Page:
turn aside


turn aside


  • refuse entry to somewhere
  • cause someone or something to deviate in the direction
  • direct, avert or deflect someone or something on another course
  • veer or move away
  • avoid someone or something
  • change position

Example Sentences

  1. His job application was turned aside when they saw his criminal record.
  2. The most crucial questions were turned aside by the current CEO.
  3. The prosecutor produced new evidence in the case, but the judge turned it aside.
  4. I saw my ex-boyfriend yesterday, but before I could say anything, he just nodded then turned aside and walked around the corner.
  5. Susan and her friends tried to get into the new night club on the High Street last week, but they were turned aside at the door.
  6. She turned her career aside for a few years to have her family, but now she’s ready to get back to work.
  7. We noted her inability to say no. It just isn’t in her nature to turn aside a chance to be useful.
  8. They will turn their ears away from the truth and turn aside to myths.
  9. Moses turned aside and God spoke out of the burning bush.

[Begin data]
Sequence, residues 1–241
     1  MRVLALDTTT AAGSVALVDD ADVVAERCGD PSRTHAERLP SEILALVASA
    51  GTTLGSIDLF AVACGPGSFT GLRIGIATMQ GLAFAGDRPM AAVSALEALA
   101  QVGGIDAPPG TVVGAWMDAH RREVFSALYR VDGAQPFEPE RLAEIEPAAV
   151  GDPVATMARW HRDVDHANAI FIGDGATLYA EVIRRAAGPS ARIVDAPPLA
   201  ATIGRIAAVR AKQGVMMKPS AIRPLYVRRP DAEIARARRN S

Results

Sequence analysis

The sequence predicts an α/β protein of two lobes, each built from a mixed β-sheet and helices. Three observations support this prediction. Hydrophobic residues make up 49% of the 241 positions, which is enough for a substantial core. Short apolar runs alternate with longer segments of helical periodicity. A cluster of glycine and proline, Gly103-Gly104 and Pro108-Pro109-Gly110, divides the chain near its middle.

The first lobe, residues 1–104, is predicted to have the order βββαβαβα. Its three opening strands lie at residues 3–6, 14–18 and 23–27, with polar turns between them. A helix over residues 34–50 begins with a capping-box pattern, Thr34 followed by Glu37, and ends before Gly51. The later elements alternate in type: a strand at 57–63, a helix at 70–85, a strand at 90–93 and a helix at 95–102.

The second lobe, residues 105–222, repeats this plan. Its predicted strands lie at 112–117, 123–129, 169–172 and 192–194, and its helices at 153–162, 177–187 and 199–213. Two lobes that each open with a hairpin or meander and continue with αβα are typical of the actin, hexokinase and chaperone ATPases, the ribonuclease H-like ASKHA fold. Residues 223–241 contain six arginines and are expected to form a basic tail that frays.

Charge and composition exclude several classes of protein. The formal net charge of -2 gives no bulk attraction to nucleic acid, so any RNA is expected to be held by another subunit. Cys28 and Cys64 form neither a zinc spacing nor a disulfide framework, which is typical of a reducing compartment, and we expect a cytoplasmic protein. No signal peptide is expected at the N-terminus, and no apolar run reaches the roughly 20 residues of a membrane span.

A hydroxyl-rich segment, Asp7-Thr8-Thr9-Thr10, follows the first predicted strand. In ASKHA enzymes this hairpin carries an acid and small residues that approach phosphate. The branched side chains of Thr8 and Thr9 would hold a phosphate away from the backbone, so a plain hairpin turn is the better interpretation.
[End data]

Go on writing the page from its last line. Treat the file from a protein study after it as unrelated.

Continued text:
10. Innocence and intelligence deserve to turn aside our condemnation.


This phrase means to turn your body (or head) in a different direction or away from something/someone, so you are not facing them anymore. Used especially in situations where you are changing direction to avoid someone or something. A noun or pronoun (or both) can be placed between ‘turn’ and ‘aside’.

Share your opinions2 Opinions

Sorry, but the phrases “to turn aside” and “to side track” despite a certain similarity are not equivalent and consequently not interchangeable as alternatives in the above examples.

‒ Shay Beaucoup October 19, 2020

To turn aside – I would also suggest an alternative word
“to side track.”

‒ Ramesh Joshi September 14, 2020

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